The whole case against the prisoners rested solely on the testimony of the approver, Joy, who gave a contradictory and evasive evidence, which, conjoined with his subsequent committal for horse stealing, and the length of time that elapsed before he gave information of the robbery, rendered his testimony very doubtful.  The only corroborative testimony was that of Duffey who spoke of the persuasion of Macarthy to make him drink and leave his house.

Mrs. Brown identified the property as belonging to her, and as being that left at Duffey's house on her removal to Sydney.

The Jury were absent from Court about an hour and a half, when they returned a verdict of Guilty against John Macarthy, Timothy Donovan, Bryan Macnamara, and Mary Macnamara; and of Not guilty, for Dennis Macnamara.

His Honor stated that he had put the case to the Jury to discover whether they would find Bryan and Mary Macnamara jointly guilty, it was now his duty to direct them to acquit May Macnamara, as, the Jury having found them jointly guilty, she was under the control of the husband, and however cognizant of the offence, was not, acting under his direction, guilty in the eye of the law.  Mary Macnamara was discharged, and removed out of Court.

His Honor directed that the approver, Joy, should be confined and prevented from communicating with any person, and that the witnesses for the defence, John Macnamara and Malachi Daley, should be committed to take their trial for perjury; and Mr. Brown and Mr. Duffey were held to bail to prosecute them.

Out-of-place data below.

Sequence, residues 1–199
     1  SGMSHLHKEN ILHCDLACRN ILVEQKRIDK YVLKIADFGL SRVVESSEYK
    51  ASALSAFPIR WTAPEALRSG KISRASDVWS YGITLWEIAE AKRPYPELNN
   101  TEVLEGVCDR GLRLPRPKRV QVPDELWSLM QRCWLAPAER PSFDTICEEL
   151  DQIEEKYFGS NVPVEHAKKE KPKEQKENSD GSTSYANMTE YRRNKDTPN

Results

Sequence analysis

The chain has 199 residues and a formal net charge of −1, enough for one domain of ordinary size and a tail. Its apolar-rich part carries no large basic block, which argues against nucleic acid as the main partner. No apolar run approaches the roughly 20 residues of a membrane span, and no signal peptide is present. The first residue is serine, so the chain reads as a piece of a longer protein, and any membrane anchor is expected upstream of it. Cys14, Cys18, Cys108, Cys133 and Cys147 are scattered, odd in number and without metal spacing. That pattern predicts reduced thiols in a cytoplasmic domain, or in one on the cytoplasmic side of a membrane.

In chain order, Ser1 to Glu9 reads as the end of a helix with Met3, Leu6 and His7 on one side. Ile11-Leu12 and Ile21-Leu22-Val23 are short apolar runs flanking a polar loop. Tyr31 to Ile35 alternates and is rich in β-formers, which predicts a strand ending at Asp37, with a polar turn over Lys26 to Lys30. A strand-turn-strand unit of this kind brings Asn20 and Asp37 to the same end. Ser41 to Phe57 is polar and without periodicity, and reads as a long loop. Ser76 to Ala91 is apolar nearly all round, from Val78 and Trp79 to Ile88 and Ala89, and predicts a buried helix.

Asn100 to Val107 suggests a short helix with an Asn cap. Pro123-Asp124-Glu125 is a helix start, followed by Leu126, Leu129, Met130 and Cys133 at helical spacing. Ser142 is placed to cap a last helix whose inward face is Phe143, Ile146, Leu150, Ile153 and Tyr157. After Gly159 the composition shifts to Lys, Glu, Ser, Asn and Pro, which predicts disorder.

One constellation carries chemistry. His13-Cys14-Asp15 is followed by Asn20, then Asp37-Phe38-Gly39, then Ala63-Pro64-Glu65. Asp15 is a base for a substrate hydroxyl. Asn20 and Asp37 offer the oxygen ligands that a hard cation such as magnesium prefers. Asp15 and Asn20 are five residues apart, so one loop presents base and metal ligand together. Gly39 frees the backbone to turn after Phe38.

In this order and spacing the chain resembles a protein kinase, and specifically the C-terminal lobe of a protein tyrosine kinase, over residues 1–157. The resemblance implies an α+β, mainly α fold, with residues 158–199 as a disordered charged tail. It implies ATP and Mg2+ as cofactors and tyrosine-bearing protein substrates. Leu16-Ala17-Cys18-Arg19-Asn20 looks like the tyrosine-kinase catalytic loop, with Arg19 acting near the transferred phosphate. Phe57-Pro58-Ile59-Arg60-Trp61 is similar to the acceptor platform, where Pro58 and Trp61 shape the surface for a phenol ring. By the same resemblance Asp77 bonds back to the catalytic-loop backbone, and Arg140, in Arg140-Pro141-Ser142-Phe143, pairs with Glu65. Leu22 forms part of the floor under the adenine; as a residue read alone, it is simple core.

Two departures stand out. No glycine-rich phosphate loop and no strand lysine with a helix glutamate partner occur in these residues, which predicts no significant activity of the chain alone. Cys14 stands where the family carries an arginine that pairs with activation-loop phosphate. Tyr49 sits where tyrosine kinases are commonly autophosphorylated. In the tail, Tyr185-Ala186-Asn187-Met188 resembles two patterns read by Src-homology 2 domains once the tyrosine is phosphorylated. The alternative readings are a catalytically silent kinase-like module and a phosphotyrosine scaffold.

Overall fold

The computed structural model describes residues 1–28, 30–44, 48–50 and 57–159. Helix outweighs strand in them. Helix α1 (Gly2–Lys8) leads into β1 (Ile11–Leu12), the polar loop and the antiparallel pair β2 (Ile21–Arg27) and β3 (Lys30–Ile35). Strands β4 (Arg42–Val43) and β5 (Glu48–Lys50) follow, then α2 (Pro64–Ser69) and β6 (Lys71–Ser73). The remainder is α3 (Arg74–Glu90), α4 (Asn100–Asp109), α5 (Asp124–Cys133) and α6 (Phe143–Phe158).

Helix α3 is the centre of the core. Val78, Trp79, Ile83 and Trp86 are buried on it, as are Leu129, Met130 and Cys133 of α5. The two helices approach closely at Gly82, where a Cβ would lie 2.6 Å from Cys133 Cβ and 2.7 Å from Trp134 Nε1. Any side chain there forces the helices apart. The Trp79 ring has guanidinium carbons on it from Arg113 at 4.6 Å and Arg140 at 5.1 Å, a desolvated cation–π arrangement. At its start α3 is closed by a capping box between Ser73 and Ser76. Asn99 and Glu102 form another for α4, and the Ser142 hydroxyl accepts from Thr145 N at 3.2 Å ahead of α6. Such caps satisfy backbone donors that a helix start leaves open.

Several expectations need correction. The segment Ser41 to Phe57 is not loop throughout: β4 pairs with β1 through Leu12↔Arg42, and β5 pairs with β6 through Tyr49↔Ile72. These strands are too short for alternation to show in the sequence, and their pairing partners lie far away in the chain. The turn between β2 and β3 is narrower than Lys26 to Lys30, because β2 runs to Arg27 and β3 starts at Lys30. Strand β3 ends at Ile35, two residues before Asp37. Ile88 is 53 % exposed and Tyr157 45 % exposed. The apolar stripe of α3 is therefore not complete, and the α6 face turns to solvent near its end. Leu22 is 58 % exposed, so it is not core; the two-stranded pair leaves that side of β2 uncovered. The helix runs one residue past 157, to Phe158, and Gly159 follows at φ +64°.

The prisoner, Bryan Macnamara, having stated in his defence, that he was in Sydney when the robbery was committed, and that he could bring respectable testimony to prove the fact.  His Honor directed that the names of such witnesses should be taken down in order that the Court might ascertain whether it had been imposed on, and also that the prisoner might have the benefit of such testimony, which His Honor said he would lay before the proper authorities.  Mr. Weston took down the names of the witnesses, and the Solicitor General sent immediately to them in order to prevent any tampering between them and the prisoner or his friends.



[1 ] See also Australian, 20 November 1835; and for the notes of the trial judge, see  Burton,Notes of Criminal Cases, State Records of New South Wales, 2/2423, vol. 22, p. 38.  For the criminal liability of women, see also R. v. DebanksSydney Herald, 6 August 1835 (Ann Debanks and Catherine Noah, two women of ``loose character" convicted of larceny and sentenced to two years in the Female Factory); R. v. MickenoeSydney Herald, 23 November 1835; and see Australian, 20 November 1835; Sydney Gazette, 19 November 1835 (arson); R. v. MaherSydney Gazette, 12 November 1836; Sydney Herald, 14 November 1836 (wounding another woman, leading to six months in the Female Factory); R. v. GrahamSydney Herald, 8 August 1836; Sydney Gazette, 9 August 1836 (murder of new born child, though found not guilty for lack of proof that the child had been born alive).

Published by the Division of Law, Macquarie University